NSA Built Stuxnet, but Real Trick Is Building Crew of Hackers

Finding people skilled enough to wage cyberwarfare is increasingly difficult, experts say.

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But for places that are more at risk—security and financial firms, other large companies, and the federal government, that sort of defense doesn't cut it anymore. Even private companies that only want to defend their own networks are beginning to see the need for skilled hackers.

"The whole field is moving toward penetration testing. We think of them as defensive experts, but it's really the same skills you need for offense," Paller says.

There are some bright spots, however. There's a growing community of hobbyist hackers who try to exploit security holes in sanctioned contests, and university clubs that (legally) focus on hacking. Miller hacked the iPhone as part of last year's Pwn2Own contest, for example. Winners of those contests may not have their pick of jobs, "but any company will talk to you" after you have pulled off such a feat.

And late last month, the NSA announced it would do its part to help solve the problem, partnering with four universities—Dakota State University in South Dakota, Naval Postgraduate School in California, Northeastern University, and the University of Tulsa—to form a cyber operations program that will train students for future careers at the agency.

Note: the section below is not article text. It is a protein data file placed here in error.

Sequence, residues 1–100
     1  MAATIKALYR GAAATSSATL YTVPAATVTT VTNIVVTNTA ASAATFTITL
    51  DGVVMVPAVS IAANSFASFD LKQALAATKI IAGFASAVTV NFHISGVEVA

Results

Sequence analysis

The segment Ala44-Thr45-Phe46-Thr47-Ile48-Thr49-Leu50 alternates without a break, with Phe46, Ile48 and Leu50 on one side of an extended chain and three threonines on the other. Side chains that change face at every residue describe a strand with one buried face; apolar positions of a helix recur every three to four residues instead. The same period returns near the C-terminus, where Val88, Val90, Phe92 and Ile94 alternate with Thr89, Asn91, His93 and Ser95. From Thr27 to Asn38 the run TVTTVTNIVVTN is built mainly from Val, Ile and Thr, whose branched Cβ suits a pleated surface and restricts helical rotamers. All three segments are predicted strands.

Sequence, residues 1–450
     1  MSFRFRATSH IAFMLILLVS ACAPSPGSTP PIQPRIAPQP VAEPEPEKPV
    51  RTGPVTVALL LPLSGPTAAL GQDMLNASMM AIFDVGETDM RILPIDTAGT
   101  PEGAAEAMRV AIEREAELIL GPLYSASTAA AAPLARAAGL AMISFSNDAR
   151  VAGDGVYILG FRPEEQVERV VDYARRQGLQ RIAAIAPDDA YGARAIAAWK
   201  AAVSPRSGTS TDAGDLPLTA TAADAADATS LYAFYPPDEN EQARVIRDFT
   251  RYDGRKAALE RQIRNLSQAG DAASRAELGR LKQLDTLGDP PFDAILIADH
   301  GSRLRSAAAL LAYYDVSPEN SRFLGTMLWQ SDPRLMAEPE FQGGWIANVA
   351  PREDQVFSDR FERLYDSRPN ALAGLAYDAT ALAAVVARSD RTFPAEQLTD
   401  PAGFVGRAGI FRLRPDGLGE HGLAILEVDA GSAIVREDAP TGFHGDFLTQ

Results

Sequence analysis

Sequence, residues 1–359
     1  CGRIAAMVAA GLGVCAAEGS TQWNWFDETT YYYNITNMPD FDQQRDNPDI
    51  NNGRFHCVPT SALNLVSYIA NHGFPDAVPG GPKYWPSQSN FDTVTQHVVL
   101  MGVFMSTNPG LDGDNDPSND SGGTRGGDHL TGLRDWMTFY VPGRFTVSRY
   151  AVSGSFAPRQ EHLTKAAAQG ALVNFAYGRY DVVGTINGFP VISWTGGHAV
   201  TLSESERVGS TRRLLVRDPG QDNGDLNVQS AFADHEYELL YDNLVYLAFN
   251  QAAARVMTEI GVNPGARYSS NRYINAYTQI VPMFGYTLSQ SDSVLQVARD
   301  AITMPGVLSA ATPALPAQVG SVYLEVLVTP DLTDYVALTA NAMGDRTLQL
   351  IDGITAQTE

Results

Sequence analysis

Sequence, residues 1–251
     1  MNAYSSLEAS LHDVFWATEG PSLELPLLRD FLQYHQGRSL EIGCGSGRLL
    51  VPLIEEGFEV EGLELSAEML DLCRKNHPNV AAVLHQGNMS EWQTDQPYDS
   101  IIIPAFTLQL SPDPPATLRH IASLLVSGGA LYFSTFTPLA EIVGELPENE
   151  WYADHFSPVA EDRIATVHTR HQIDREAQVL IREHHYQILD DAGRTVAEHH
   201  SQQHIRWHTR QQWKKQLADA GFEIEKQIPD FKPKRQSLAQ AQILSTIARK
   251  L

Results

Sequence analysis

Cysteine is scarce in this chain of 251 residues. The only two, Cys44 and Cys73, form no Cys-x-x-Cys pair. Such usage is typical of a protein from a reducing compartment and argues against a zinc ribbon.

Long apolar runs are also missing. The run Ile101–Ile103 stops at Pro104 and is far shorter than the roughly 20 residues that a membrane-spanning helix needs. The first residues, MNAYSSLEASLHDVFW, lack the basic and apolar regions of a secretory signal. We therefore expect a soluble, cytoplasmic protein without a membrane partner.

Students will take classes in subjects that have been all but forgotten in many university cybersecurity programs, such as base-level computer programming languages, reverse engineering, and the legal and ethical issues involved in cyberwarfare.

Students will have to pass a background check and will get top-secret security clearance. Classified summer seminars at the NSA will give students real-world case studies.

"We don't have a specific goal in mind" for the number of students who will be trained through the program, NSA's LaFountain says. "But there's definitely a need, and it's a challenge to find students with these skills. It's our plan to plant the knowledge to do this at the universities."

Jason Koebler is a science and technology reporter for U.S. News & World Report. You can follow him on Twitter or reach him at jkoebler@usnews.com

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